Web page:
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Coming attractions: 2014's must-see movies

Published 9:39 AM ET, Wed January 1, 2014
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The year will be filled with Transformers and superheroes, biblical figures and Jersey Boys. We can't fit all of them here, but here are a few to look out for -- such as George Clooney's newest film, "Monuments Men." It's based on a true story about a special World War II unit created to save some of Europe's most valuable art. The 1964 Burt Lancaster film "The Train" traveled some of the same track, but Clooney's version focuses on the art professionals and takes a more lighthearted view. And what a cast: Clooney, Matt Damon, Bill Murray, Cate Blanchett and Jean "The Artist" Dujardin. (February 7)
Claudette Barius/Columbia Pictures
"RoboCop": The original 1987 "RoboCop" was as much a satire on modern media and business as it was a story about a cop solving a crime. Judging from its trailers, the new version -- which stars Joel Kinnaman in the Peter Weller role -- seems to have a similar wit, but only time will tell if Michael Keaton and Samuel L. Jackson will take their roles to the absurd places visited by Ronny Cox and Miguel Ferrer. Will we, in Clarence Boddicker's words, "give the man a hand"? (February 12)
Kerry Hayes/Columbia Pictures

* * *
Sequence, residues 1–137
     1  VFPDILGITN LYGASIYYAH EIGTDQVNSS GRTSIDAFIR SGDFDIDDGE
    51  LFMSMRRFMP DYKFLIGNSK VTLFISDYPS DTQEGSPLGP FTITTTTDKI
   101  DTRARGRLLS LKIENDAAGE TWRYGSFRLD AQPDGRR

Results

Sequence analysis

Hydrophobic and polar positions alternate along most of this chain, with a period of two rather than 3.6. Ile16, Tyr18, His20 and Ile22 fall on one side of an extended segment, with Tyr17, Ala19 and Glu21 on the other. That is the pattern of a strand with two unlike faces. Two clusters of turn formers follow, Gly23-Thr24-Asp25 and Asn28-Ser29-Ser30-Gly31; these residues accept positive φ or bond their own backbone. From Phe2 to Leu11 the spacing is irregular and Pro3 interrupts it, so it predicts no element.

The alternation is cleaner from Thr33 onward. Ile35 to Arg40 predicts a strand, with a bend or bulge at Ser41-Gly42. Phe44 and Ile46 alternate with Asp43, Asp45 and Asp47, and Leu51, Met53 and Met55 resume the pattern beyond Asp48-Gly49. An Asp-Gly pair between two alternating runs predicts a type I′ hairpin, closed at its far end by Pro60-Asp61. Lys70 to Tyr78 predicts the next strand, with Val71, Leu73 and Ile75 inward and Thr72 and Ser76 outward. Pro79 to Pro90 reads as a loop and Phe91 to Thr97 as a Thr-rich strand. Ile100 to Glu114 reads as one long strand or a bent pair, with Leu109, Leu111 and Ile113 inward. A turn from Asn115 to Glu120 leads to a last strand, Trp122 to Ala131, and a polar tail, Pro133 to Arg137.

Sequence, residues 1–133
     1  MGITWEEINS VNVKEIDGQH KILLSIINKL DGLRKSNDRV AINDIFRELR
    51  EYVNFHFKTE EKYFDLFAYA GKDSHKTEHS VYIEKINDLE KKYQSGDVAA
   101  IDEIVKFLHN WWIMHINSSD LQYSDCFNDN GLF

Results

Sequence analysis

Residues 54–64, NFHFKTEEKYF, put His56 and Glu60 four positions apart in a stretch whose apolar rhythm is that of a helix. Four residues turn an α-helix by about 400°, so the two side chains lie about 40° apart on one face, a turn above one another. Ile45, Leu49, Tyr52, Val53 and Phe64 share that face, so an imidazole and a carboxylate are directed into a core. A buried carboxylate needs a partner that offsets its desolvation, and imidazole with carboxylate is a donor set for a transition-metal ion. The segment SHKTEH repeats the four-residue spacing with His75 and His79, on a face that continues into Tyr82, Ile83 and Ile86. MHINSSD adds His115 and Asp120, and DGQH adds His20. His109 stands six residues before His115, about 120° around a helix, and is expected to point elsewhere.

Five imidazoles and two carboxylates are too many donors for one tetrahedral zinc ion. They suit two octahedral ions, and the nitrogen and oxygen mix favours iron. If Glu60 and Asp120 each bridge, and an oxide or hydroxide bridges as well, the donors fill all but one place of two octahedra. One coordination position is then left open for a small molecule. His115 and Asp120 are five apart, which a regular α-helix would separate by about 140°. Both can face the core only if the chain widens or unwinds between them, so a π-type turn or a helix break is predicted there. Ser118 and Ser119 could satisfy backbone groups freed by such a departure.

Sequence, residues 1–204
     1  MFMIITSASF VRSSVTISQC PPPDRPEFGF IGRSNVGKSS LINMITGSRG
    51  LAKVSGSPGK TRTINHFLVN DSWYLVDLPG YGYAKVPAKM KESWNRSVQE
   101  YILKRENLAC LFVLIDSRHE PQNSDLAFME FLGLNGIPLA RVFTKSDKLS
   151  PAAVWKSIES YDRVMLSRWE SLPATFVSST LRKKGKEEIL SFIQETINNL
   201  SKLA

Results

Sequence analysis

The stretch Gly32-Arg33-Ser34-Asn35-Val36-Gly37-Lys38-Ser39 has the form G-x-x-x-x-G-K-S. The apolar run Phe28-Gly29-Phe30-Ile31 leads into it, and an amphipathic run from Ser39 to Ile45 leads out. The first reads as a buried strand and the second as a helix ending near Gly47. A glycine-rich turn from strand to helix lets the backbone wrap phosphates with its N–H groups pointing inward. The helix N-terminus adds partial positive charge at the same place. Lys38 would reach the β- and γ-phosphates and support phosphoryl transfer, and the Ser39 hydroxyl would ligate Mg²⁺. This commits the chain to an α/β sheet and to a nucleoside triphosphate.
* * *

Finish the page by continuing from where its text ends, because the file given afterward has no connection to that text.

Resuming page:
"Son of God" and "Noah": The Bible has been a source for movies since Cecil B. DeMille was in short pants, and the late winter includes two ripped from Scripture. "Son of God" follows last March's hit 10-part television miniseries "The Bible," also from Mark Burnett and Roma Downey, and focuses on Jesus. "Noah" stars Russell Crowe (shown here) as the titular character coping with the flood; the director is Darren Aronofsky. ("Son of God," February 28; "Noah," March 28)
Paramount Pictures
"The Grand Budapest Hotel": For some people, Wes Anderson films are events to be savored. For others, they're arch comedies to be missed. Either way, the writer and director obviously has a fan base among actors. "The Grand Budapest Hotel" has a spectacular cast that includes Bill Murray, Ralph Fiennes, Tilda Swinton, Edward Norton, Jude Law and Willem Dafoe. (And, of course, Owen Wilson and Jason Schwartzman.) The plot concerns a European concierge, a noted painting and various characters at a hotel between the world wars. Oh, and perfectly framed shots. Lots and lots of perfectly framed shots. (March 7) Fox Searchlight
"Divergent": "Imitation," the great comedian Fred Allen once said, "is the sincerest form of television." Allen was being too kind: It's also the sincerest form of most other entertainment media. Take "Divergent," based on a book that has been compared to "Hunger Games." Plucky teenaged heroine? Check. Post-apocalyptic setting? Check. A final battle? You bet. It was even purchased by Summit Entertainment, now a part of the same company as "Hunger Games" studio Lionsgate. But "Divergent" has its differences, including the identity issues at its core. The film stars Shailene Woodley (right in photo) and Kate Winslet. Meanwhile, surefire hit "The Hunger Games: Mockingjay, Part 1" is due in November. (March 21)